In late 2016, Oxford Dictionaries announced that “post-truth” had been chosen as the 2016 word of the year, defining it as a condition “in which objective facts are less influential in shaping public opinion than appeals to emotion and personal belief.” The two key events of 2016 – Brexit and the election of Donald Trump – signal a dark moment for the press, leaving many around the world deeply alarmed. The rise of fake news, attacks on the media by the administration of Donald Trump, have created a uniquely perilous time for journalism. Some argue that journalism is in danger of being overwhelmed by rogue, populistic politics and a communications revolution (ie the rise of social media) that accelerates the spread of lies, misinformation and dubious claims.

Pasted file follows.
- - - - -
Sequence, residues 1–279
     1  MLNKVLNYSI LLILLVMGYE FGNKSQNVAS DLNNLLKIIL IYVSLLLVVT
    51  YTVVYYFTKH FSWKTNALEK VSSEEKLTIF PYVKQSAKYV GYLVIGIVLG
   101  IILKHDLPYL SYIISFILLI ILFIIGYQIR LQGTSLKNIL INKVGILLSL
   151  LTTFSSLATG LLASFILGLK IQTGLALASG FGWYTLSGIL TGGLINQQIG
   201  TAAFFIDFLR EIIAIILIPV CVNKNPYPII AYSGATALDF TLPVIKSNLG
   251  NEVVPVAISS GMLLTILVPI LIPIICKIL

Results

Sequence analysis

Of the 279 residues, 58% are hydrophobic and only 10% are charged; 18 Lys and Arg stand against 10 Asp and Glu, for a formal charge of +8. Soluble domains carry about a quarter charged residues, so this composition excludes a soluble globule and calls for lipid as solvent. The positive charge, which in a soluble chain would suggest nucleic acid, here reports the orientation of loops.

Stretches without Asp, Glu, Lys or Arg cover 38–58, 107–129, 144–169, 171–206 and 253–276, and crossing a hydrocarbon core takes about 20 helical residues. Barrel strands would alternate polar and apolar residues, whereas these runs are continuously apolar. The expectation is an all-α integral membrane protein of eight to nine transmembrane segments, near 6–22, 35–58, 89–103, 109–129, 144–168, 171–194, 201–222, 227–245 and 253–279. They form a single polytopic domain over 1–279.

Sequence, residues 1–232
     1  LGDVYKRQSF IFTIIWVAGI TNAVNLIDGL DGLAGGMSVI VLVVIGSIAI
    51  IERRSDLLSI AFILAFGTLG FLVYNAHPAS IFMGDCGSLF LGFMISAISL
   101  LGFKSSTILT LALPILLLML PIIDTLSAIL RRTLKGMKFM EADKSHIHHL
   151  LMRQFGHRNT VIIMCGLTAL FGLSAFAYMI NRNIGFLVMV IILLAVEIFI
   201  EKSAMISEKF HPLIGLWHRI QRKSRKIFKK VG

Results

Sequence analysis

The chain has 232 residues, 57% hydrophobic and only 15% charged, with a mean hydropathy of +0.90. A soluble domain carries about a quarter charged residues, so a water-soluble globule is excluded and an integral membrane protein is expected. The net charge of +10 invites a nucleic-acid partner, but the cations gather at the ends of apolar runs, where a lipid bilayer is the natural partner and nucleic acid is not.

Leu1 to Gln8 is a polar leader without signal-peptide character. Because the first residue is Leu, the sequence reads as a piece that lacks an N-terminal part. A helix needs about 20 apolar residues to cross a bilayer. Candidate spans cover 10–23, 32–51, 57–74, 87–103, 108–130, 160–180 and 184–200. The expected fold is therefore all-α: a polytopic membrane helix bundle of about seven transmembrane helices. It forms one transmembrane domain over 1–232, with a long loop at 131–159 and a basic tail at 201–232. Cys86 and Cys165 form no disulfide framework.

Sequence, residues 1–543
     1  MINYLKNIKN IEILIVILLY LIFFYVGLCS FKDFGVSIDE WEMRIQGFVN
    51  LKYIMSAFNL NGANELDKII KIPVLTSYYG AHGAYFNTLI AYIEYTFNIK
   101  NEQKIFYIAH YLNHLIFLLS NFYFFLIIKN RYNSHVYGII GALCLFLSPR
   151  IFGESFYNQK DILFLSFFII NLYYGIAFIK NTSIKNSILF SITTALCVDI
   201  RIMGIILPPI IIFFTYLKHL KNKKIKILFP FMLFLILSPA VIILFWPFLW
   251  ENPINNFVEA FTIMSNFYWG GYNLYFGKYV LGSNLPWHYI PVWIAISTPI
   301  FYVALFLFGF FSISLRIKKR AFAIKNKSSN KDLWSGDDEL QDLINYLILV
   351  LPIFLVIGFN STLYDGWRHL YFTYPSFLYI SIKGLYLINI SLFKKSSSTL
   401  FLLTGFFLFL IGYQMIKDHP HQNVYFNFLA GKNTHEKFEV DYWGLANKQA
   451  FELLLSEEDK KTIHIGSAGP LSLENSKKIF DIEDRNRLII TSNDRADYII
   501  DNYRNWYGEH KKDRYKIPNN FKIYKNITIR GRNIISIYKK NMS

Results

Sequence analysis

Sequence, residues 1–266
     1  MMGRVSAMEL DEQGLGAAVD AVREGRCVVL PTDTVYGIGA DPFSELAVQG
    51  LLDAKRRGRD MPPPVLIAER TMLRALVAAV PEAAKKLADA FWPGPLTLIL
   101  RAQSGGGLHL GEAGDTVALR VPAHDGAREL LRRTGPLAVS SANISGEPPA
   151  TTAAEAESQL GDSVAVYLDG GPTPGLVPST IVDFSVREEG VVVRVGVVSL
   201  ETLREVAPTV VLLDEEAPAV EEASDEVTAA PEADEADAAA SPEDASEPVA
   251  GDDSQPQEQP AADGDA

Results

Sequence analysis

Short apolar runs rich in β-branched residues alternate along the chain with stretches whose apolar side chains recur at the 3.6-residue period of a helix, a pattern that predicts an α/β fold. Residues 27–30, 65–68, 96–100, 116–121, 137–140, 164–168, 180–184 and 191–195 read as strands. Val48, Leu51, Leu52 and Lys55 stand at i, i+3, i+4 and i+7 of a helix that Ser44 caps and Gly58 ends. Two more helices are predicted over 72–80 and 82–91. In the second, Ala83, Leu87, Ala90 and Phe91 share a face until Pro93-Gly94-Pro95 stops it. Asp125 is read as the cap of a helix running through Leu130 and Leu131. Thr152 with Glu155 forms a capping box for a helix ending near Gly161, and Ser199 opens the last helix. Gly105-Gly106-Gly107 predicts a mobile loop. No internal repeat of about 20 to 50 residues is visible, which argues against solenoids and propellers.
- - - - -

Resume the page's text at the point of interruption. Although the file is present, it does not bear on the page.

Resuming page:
In this context, what can mainstream media organisations do? How do they maintain people’s trust and credibility? How can mainstream media use social media tools to defend the truth, present the correct information and balance opinions?